National Hockey Stadium (Milton Keynes)

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National Hockey Stadium
The Hockey Stadium
National hockey stadium.jpg
Full nameNational Hockey Stadium and Conference Centre
LocationMilton Keynes
OwnerEnglish Partnerships
Capacity4,000 (hockey)
9,000 (football)
Field size100 x 64 m
England Hockey (1995–2003)
Wimbledon F.C. (2003–04)
Milton Keynes Dons F.C. (2004–07)

The National Hockey Stadium was a sports stadium in Milton Keynes, United Kingdom, with a nominal capacity of around 4,000 seats: this was temporarily increased to 9,000 between 2003 and 2007. The stadium no longer exists, having been demolished and replaced by a new headquarters building for Network Rail.

The Stadium was used by England Hockey as their national stadium from 1995 to 2003 and then as a professional football stadium, first for Wimbledon F.C., then Milton Keynes Dons F.C..

In summer 2007, the Dons relocated to the Stadium mk, their new stadium near Bletchley leaving the hockey stadium without a tenant. From then until late 2009 (when demolition began in preparation for the site to be redeveloped), the ground remained unused. In July 2012, the new Network Rail headquarters on the site became operational.


The stadium was built in 1995 as a new national field hockey stadium, with a synthetic pitch. The ground was used for national and international (field) hockey until 2003. It had a covered main stand running the full length of one side of the pitch, opposite which was an unroofed stand running about one third of the length of the pitch, straddling the halfway line.

In 1997, the stadium was used as the venue for the sixth edition of the FIH Men's Junior World Cup. It was also the venue, in 2000, for the FIH Women's Qualifying Tournament for the Sydney 2000 Olympic Games.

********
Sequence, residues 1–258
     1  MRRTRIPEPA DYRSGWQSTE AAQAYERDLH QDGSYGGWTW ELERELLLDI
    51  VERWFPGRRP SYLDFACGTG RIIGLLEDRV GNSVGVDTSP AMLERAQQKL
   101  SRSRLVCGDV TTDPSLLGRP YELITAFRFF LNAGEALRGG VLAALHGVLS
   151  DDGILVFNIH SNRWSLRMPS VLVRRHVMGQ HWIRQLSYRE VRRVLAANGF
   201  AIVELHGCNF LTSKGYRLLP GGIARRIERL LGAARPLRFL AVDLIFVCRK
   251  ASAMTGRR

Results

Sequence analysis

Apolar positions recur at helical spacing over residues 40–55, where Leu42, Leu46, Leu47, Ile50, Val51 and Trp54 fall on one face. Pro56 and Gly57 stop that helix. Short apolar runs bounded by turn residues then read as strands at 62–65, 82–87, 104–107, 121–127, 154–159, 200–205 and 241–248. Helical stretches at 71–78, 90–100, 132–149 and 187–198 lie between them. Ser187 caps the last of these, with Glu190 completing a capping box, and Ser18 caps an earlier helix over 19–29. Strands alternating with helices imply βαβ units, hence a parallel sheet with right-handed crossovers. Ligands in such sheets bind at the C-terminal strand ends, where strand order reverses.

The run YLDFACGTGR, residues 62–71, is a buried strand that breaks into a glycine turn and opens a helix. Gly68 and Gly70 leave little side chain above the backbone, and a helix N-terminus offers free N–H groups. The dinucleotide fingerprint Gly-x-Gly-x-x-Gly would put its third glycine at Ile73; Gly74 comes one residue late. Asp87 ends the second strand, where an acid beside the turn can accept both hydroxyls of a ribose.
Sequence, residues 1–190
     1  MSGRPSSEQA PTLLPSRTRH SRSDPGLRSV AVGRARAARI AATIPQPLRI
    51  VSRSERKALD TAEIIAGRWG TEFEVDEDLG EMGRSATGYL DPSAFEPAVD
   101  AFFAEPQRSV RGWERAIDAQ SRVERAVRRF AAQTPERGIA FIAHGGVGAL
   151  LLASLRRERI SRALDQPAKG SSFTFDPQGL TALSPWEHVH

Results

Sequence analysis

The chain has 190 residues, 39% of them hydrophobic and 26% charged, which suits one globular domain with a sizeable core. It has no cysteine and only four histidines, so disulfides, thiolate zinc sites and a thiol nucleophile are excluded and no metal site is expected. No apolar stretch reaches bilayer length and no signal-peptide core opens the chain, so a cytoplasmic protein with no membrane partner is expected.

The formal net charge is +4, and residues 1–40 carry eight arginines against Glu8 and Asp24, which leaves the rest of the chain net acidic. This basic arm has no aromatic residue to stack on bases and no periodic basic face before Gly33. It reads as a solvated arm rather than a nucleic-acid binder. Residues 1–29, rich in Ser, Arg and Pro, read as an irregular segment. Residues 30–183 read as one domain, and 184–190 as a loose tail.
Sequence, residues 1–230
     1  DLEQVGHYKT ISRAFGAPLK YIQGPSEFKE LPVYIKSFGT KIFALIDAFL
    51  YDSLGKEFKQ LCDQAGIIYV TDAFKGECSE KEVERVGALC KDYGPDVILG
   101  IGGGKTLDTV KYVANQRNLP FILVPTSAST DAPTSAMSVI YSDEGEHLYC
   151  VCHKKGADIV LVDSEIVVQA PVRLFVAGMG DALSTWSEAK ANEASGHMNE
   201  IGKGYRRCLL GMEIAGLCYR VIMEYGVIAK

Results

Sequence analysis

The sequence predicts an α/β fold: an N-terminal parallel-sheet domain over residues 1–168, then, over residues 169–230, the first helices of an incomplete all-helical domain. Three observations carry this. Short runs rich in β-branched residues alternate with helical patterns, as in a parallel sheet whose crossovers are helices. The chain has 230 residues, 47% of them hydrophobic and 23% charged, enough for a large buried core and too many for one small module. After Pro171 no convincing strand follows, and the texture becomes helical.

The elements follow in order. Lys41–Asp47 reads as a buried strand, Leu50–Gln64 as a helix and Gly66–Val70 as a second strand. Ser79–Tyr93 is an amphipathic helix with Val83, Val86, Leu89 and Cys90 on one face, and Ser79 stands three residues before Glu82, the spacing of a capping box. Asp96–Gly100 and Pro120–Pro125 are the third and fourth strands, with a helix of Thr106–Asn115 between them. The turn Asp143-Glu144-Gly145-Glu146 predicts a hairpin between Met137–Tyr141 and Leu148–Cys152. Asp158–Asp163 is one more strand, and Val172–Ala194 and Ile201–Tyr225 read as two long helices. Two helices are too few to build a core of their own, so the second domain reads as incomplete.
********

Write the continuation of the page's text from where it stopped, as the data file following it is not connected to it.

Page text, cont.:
In 2003, when the ground was leased to Wimbledon F.C., a grass pitch was laid, meaning that the stadium was out of commission for hockey. Temporary stands were added at either end of the pitch. Hockey internationals and playoff matches were reallocated to various leading club grounds around the country. In May 2007, at the end of the lease, the temporary stands were removed.

On 2 April 2007 the trustees of the National Hockey Foundation, which owned the lease of the stadium, announced that they had arranged to hand the lease back to English Partnerships since a detailed study had shown that the stadium would no longer be viable as a hockey venue  – particularly in light of the building of another hockey facility in Stratford, London, as part of the 2012 Olympics facilities.


The stadium was the home of Wimbledon Football Club from September 2003 until June 2004 and, after the club's rebranding, of Milton Keynes Dons until May 2007. The club moved in during 2003, converted the synthetic pitch to grass and added additional stands and seating (with up to 9,000 seats). Adjacent to the Home supporters stand (known as "The Cowshed"), a small herd of Concrete Cows stood 'grazing'. No one knows if these cows were the original ones, as there are many replicas around the city. As a result of the cow link, the team mascots are two pantomime-style cows named "Donny" and "Mooie". On several occasions, the cows were 'mooved' by jovial fans to make them look as if they were mating. In July 2007 the club moved to its new Stadium mk at Denbigh North, near Bletchley, prior to the start of the 2007–08 season. The home supporters end at the Denbigh stadium is still known as the Cowshed although the concrete cows have not followed.

Record attendance at the National Hockey Stadium: 8,306 v Tottenham Hotspur League Cup 3rd Round, 25 October 2006.

Average Attendance At the National Hockey Stadium: 2006–2007: 6,034 (League Two) 2005–2006: 5,776 (League One) 2004–2005: 4,896 (League One)


After the Dons left for Denbigh, the supplementary seating was disassembled, returning the capacity to 4,000. However, the venue was not used notably thereafter.

At end of October 2008, English Partnerships (owners of the site) announced agreement with Network Rail to make the site available for a new headquarters building, which meant that the stadium would be demolished.[1]

On 17 December 2009, demolition of the stadium began and the site was cleared by March 2010.[2]



  1. ^ "City bucks the trend with rail jobs boost". Milton Keynes Citizen. 30 October 2008. Retrieved 29 August 2009.
  2. ^ Hockey Stadium: demolition starts – Heart FM